Unless you’ve been living under a rock, you’d know that everyone’s either streaming or playing music using turntables these days.
Here at Unified, we’ve seen this switch happen gradually over the years. Although we still get orders for CD replication, but since 2020, people come to us mainly for vinyl pressing and cassette tape duplication as CD sales declined dramatically.
We went over to Reddit to find out why people are loving the good ole vinyl record again. Here are some of best ones we’ve found:
#1 HAS MANY FEATURES
Beyond sound, the vinyl condition offers a larger number of features to be appreciated. These include tactile, visual, and epistemic features.
#2 TACTLE FEATURES
A collector touches, removes, places, flips, inserts, and peruses various material aspects of the packaging. In this way, records aren’t merely owned and heard, they are felt and engaged.
#3 YOUR TASTE IN MUSIC WILL IMPROVE
On the whole, chart music doesn’t make its way to vinyl. Once you start delving into vinyl, you’ll uncover something that runs deeper than singles and chart success.
#4 MAKES YOU INVESTED IN MUSIC
Vinyl makes you more invested in the music, and you are more likely to carve out dedicated time to listen to it. As you delve into record buying, you’ll get to know people, their opinions, and, ultimately, form friendships.
#5 VINYL IS MORE VALUABLE
Other physical media, like cassettes or VHS tapes, degrade over time as the tape wears, but the same isn’t true of vinyl.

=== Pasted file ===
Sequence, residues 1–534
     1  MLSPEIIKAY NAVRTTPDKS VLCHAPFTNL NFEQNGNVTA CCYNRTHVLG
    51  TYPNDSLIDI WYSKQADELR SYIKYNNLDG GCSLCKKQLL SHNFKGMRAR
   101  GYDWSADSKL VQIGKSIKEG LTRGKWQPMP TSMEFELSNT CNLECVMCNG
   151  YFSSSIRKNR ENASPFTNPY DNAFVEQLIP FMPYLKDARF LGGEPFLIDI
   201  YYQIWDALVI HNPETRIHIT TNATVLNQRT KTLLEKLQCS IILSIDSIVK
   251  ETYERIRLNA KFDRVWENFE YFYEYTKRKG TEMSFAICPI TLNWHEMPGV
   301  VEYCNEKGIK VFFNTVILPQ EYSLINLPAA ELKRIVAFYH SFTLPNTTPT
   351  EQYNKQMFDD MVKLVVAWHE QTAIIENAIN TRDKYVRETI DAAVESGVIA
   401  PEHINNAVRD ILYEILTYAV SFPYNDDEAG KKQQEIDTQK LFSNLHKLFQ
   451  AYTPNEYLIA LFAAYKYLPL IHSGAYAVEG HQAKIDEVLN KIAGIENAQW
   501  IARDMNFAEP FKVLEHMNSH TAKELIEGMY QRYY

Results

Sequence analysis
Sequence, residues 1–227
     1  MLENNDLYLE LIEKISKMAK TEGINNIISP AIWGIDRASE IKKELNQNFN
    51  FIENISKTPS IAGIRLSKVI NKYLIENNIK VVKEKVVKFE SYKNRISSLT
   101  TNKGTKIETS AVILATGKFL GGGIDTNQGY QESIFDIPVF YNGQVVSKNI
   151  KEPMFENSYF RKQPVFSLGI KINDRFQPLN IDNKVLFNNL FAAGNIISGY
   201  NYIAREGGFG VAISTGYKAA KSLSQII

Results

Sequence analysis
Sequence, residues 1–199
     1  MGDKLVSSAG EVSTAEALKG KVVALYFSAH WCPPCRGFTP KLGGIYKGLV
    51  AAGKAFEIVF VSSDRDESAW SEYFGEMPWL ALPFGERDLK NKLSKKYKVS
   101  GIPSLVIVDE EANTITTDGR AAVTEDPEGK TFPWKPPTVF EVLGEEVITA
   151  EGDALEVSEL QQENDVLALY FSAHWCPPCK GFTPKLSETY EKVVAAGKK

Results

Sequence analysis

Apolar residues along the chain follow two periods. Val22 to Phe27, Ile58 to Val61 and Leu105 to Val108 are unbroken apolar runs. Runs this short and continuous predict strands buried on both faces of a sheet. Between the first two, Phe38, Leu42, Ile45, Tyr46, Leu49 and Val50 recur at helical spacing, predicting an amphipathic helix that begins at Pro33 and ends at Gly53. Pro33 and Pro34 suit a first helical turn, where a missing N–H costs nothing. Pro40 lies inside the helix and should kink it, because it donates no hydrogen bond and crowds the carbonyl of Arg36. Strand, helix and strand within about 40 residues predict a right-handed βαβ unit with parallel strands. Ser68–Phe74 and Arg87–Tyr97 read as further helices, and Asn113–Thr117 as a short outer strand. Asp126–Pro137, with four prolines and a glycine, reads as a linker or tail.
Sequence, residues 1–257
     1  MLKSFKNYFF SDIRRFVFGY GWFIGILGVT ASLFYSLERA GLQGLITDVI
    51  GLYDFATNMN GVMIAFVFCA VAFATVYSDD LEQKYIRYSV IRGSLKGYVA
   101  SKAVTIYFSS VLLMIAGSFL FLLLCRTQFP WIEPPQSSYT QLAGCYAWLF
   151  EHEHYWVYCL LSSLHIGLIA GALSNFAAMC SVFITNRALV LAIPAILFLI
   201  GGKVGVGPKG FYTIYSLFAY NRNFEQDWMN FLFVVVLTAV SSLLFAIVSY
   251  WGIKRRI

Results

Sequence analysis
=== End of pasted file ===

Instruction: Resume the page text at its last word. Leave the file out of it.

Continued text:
Since records tend to keep their value, if you need to free up space at home or unlock some additional cash, you can sell your collection.
#6 VINYL TRIGGERS MEMORIES
Records remind us of places we’ve been and people we have been with. OK, maybe sometimes it’s the song, but often it’s the actual record itself that triggers those memories.
#7 VINYL IS COOL
Let’s face it: nothing looks cooler than walking into somebody’s house and seeing a collection of records and a turntable set up ready to go in the living room.
#8 VINYL IS SURPRISINGLY SOCIAL
There’s a thriving, passionate and widely accepting community of vinyl enthusiasts around the globe. There are events such as swap meets, record store days and BYO vinyl nights operating frequently in cities. Some universities even have record collecting societies and clubs.
James Hill is a veteran of the music industry. He first worked at Warner Reprise Records then later joined Interscope/ Geffen Records where he managed producers and songwriters and got his first platinum record for Keyshia Cole’s The Way It Is. He is now helping indie artists with branding and manufacturing through his company Unified Manufacturing, a CD/DVD, custom vinyl records and merch company in LA.